Feast of fungi in the Forum Library

Published on
July 2, 2008

To celebrate the 100th year anniversary of the Dutch Mycological Society, the Special Collections Department of Wageningen UR Library has organized an exhibition in the Forum Library on larger fungi. The pieces on exhibit come from the library's special collections and include herbals and hand-coloured regional floras, botanical illustrations, nursery catalogues, wall charts and books on cultivation and cooking.

The first books on fungi were early illustrated herbals. Early on, medical doctors such as Dodoens and Clusius published herbals. These were large folio books on all known plants with a description of their uses in treating illness. At first, these books were illustrated with simple woodcuts. Later, with the advent of engraving and etching in the sixteenth century, the illustrations became more accurate. Empirical knowledge on local species was also gradually added to these books.

After the seventeenth century, herbals fell out of fashion, and botany was studied separately from the medical sciences. The vast amount of plants made it necessary to order and name plants properly. Emphasis was put on the study of plants and fungi of a certain region or country. Some of these works on regional plants from the eighteenth and nineteenth century are famous because of their beautiful hand-coloured illustrations. Regional flora such as the Flora Danica and Flora Batava are considered to be some of the world's greatest works on botany, true products of the Enlightenment era with premier examples of various printing and illustration techniques. The library is fortunate enough to own the unique collection of the original drawings for the Flora Batava's first 13 volumes, 7 of which have been beautifully bound and which alternate the original drawing with a print of the drawing.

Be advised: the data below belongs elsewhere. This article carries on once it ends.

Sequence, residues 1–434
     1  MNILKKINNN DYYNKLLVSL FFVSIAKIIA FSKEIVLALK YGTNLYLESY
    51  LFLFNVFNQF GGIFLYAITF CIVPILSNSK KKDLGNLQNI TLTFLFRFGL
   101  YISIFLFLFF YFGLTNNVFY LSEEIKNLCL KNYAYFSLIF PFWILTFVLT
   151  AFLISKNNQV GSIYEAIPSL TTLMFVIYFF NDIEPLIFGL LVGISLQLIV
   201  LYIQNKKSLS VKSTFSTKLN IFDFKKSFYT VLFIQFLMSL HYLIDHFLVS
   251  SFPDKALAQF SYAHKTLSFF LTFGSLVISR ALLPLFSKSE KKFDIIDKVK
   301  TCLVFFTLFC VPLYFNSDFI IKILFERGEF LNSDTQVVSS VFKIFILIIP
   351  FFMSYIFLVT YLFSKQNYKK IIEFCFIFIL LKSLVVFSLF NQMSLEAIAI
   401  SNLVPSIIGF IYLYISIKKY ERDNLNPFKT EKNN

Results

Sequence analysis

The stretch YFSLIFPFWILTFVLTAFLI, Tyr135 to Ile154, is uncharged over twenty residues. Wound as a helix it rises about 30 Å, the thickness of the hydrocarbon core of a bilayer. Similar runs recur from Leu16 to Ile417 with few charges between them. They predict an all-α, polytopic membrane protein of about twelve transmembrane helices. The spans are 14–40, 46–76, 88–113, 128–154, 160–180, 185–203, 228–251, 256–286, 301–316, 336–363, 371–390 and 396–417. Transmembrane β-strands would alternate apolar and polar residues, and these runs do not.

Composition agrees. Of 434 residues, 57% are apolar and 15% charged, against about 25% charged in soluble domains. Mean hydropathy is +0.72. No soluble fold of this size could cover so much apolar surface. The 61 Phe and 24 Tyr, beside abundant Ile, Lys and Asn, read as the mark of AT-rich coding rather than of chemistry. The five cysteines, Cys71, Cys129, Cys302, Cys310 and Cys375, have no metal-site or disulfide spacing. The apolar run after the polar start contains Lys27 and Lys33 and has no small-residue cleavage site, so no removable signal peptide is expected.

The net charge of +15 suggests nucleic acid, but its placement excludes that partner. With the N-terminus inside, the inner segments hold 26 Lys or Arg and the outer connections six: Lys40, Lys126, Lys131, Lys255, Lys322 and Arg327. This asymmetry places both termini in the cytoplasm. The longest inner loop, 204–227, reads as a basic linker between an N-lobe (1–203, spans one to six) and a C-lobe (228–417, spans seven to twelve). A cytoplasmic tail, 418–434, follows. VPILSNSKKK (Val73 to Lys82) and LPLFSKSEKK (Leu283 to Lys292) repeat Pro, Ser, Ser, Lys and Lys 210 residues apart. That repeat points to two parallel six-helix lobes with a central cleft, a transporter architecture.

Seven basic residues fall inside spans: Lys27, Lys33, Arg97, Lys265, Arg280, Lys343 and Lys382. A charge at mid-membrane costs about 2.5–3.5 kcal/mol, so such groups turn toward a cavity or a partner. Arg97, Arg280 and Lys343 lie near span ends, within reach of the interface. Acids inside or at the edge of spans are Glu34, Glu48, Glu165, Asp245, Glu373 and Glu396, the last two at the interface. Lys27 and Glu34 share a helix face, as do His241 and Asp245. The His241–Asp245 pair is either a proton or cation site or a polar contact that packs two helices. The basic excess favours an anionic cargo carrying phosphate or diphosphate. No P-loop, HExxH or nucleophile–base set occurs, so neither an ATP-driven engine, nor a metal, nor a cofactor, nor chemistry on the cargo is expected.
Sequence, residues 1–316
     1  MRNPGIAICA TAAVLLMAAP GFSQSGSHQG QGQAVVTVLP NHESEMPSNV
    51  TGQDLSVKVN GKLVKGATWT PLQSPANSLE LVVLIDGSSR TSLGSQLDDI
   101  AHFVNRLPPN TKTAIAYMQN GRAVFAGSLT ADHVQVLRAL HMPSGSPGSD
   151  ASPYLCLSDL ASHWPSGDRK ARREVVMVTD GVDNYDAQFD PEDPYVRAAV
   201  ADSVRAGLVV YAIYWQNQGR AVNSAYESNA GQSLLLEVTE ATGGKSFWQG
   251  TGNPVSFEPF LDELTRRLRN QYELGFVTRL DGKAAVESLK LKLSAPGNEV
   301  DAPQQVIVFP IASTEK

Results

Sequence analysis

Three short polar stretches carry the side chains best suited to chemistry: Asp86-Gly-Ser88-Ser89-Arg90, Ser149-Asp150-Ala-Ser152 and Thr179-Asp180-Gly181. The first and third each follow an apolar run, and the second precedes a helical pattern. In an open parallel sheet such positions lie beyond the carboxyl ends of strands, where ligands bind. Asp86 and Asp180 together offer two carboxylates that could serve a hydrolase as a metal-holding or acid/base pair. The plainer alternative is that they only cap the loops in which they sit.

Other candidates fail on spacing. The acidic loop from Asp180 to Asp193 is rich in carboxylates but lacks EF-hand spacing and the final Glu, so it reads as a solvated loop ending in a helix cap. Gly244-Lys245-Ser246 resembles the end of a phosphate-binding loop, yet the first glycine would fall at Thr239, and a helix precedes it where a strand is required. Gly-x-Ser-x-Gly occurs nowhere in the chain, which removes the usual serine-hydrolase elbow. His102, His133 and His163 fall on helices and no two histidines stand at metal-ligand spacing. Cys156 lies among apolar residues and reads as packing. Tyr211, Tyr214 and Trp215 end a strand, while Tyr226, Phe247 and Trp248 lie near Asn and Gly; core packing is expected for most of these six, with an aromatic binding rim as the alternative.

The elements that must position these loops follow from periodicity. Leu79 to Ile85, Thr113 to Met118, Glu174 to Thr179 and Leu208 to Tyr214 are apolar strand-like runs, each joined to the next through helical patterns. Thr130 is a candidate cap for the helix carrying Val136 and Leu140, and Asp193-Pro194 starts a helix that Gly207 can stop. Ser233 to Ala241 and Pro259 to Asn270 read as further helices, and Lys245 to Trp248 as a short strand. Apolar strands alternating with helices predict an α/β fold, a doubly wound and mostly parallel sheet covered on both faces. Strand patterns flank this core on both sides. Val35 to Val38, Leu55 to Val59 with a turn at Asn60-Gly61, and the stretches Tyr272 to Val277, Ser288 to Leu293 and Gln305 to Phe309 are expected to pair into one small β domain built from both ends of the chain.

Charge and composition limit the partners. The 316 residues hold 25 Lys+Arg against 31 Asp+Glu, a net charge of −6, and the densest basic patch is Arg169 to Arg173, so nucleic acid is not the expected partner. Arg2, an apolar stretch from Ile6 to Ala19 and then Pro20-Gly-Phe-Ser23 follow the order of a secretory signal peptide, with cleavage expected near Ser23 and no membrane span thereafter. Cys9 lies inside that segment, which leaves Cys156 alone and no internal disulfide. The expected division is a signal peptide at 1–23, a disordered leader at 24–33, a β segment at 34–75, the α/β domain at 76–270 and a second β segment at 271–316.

During the Enlightenment, information on the cultivation and cooking of mushrooms began to appear in books on gardening and truffle hunting but also in recipe books. The cultivation of mushrooms was developed in France where Nicolas de Bonnefons wrote about it in 1650. Earlier botanical literature only briefly mentioned how to prepare edible fungi by cooking or frying them. Later, more elaborate recipes were given in treatises for landlords, which focused on how these gentlemen could live comfortably from the produce of their land, and in cookbooks for kitchen maids and housewives, which emphasised thriftiness.

The exhibition in the reading room of Special Collections in the Forum Library is open from Monday to Friday from 9 am to 5 pm till 31 December.

(newsletter 5-2008)